In the fourth episode of the podcast They Killed Dulcie, the time has come to look at the evidence. What was Dulcie investigating when she was killed? We dust off archival documents found by Open Secrets that provide important clues.

These documents once buried in archives across the world help us understand the secret network of intelligence agents, arms dealers and bankers, who made their fortunes by arming and sustaining the apartheid government.

We also find Dulcie September’s personal notes not seized by intelligence agencies and double agents. Through scribbles and notes we begin to understand how Dulcie was investigating the murky networks of apartheid profiteers which for far too long have remained unexposed.

If Dulcie was trying to expose the illicit arms trade connecting South Africa and countries like France was this the reason that an assassin was ordered to have her “removed from the equation?”

03: They Killed Dulcie – Double Agents

In the third episode of “They Killed Dulcie,” we delve into the world of informants and double agents and how the apartheid security forces used them to infiltrate the liberation movements in South Africa and abroad. It remains a sensitive topic in South African politics today – some comrades were also collaborators.

Following the assassination of Dulcie September in Paris in 1988, the ANC moved swiftly to install a new man in her old job. Solly Smith, also known as Samuel Khanyile, was to continue Dulcie’s work. But Solly Smith served two masters who were at war with one another.

Was a double agent placed in her office immediately after her murder to undo all her work in investigating the sinister world of politicians, spies, arms dealers and bankers?

This was not the first time that Dulcie September was in the proximity of a double agent. In the 1960’s she and her comrades were arrested following the infiltration of the National Liberation Front by a police agent.

They Killed Dulcie is made by Sound Africa and Open Secrets. They are supported by: The Claude Leon Foundation; Heinrich Böll Stiftung Southern Africa; The Joffe Charitable Trust; Luminate; Open Society Foundations & Open Society Foundation for South Africa and Hindenburg Systems.

02: They Killed Dulcie – The Spies

On the wall of a grey Parisian apartment building, a small plaque commemorates the life of activist Dulcie September. She lived in the building at the time of her murder in 1988. The plaque reads: “Dulcie September was killed by apartheid.”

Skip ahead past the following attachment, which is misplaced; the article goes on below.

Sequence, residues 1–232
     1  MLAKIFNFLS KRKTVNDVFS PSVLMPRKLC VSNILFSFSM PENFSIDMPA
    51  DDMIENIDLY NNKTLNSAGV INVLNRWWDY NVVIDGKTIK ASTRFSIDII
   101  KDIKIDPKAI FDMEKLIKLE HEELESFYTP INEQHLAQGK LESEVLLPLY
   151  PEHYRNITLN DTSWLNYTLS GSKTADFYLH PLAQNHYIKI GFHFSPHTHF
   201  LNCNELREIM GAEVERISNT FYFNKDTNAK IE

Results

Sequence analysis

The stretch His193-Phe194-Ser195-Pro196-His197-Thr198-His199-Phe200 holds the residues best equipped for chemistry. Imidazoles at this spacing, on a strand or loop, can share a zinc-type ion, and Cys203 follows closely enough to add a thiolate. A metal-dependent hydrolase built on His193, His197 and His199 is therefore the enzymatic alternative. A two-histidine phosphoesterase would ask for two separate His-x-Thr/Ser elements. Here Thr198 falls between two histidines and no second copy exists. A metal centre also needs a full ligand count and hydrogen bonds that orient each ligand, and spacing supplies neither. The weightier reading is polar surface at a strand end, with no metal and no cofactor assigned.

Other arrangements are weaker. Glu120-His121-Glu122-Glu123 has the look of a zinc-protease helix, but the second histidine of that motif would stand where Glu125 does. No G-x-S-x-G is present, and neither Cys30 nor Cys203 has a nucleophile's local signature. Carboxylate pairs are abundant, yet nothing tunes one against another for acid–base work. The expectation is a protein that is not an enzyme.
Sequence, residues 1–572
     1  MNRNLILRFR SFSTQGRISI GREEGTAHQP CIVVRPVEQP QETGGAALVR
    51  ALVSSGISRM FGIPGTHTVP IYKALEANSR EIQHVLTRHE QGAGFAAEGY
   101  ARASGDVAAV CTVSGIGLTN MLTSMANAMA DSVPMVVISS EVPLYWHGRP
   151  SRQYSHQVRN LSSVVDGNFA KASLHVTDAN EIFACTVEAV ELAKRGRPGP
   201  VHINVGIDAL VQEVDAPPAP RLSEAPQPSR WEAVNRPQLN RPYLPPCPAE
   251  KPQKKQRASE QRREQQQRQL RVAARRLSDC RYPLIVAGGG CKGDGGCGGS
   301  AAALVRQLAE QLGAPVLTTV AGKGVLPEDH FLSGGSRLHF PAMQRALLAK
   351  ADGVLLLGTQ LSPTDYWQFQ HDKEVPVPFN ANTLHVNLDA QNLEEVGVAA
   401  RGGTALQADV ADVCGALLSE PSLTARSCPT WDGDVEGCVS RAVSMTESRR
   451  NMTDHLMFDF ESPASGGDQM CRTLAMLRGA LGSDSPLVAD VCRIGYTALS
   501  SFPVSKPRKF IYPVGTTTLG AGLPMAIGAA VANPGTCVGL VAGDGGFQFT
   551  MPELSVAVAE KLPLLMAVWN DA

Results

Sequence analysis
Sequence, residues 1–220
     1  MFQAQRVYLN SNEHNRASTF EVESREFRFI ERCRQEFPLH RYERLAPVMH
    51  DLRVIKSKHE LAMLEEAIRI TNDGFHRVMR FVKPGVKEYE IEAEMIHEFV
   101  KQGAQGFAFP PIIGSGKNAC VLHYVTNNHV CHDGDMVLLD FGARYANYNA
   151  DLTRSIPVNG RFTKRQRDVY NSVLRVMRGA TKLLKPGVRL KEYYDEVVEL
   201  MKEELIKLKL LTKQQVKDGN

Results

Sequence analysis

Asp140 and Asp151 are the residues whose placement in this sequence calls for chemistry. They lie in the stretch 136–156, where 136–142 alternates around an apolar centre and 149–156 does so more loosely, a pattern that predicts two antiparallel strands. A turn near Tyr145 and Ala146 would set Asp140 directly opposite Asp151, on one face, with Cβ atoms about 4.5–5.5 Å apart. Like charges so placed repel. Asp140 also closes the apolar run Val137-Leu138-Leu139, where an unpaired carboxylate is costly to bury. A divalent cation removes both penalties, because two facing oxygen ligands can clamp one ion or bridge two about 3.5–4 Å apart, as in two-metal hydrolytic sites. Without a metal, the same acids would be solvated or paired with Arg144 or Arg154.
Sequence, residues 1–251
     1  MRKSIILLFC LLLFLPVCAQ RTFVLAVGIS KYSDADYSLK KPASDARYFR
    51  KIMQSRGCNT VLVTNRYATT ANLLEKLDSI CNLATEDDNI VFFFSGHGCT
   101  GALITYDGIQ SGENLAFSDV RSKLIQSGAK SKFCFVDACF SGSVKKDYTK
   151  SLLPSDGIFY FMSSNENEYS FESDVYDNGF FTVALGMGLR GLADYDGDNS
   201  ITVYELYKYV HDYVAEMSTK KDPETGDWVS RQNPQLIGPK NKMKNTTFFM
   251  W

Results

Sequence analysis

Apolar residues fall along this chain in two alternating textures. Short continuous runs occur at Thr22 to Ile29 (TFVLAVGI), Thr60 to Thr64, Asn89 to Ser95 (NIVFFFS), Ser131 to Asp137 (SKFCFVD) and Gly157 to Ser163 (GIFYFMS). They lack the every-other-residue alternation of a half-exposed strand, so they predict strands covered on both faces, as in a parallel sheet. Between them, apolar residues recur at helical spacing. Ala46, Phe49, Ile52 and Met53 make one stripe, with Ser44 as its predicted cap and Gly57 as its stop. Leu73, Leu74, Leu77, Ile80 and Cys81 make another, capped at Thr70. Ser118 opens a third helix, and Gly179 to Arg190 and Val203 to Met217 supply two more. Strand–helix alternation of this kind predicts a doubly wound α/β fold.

The second episode of the podcast series They Killed Dulcie continues where episode one left off. The journey begins in a Parisian suburb, but ends in Johannesburg, where former Apartheid era spy Craig Williamson opens the door to the murky world of espionage.

Dulcie’s childhood friend, activist Betty van der Heyden recounts the story of Dulcie’s emergence as an activist, she explains how what started as a “study group” became a militant organisation with the intention to overthrow the government.

If you haven’t heard the first episode of the podcast you can find it here.

They Killed Dulcie is made by Sound Africa and Open Secrets. They are supported by: The Claude Leon Foundation; Heinrich Böll Stiftung Southern Africa; The Joffe Charitable Trust; Luminate; Open Society Foundations & Open Society Foundation for South Africa and Hindenburg Systems.

01: They Killed Dulcie – The Scene of The Crime

On 29 March 1988 five bullets ended the life of South African freedom fighter Dulcie September. She was imprisoned, driven into exile and by the 1980’s she spearheaded the anti-apartheid efforts in France, Switzerland and Luxembourg from a small office in Paris. Why was she killed? Who is the shadowy network that profited from her murder? Why do her killers roam free?

This is the first episode of a podcast series about Dulcie September’s life and assassination. The epic story explores the life of a struggle hero who appears to have been erased. It tells the story of arms dealers, spies, politicians and bankers who continue to profit from her murder.

This first episode begins in Cape Town in the 1930s, and ends on a staircase in Paris more than 50 years later. It sets the scene for an eight part podcast series that winds its way around the world and ends in 2019. Episode 1 is ‘The Scene of the Crime’.

De Bijbel

Like our country, many of us in South Africa have complicated histories. Our ancestral backgrounds are almost always a mix contradicting the simple apartheid era classifications of Indian, black, white and colored. For many of us, these classifications are simply not enough, we need to know where we’re coming from, so we’re able to move on. In this story, Candice Nolan tries to find the answers she is looking for by looking in an old bible. This episode was written and arranged by Candice Nolan and produced by Danny Booysen.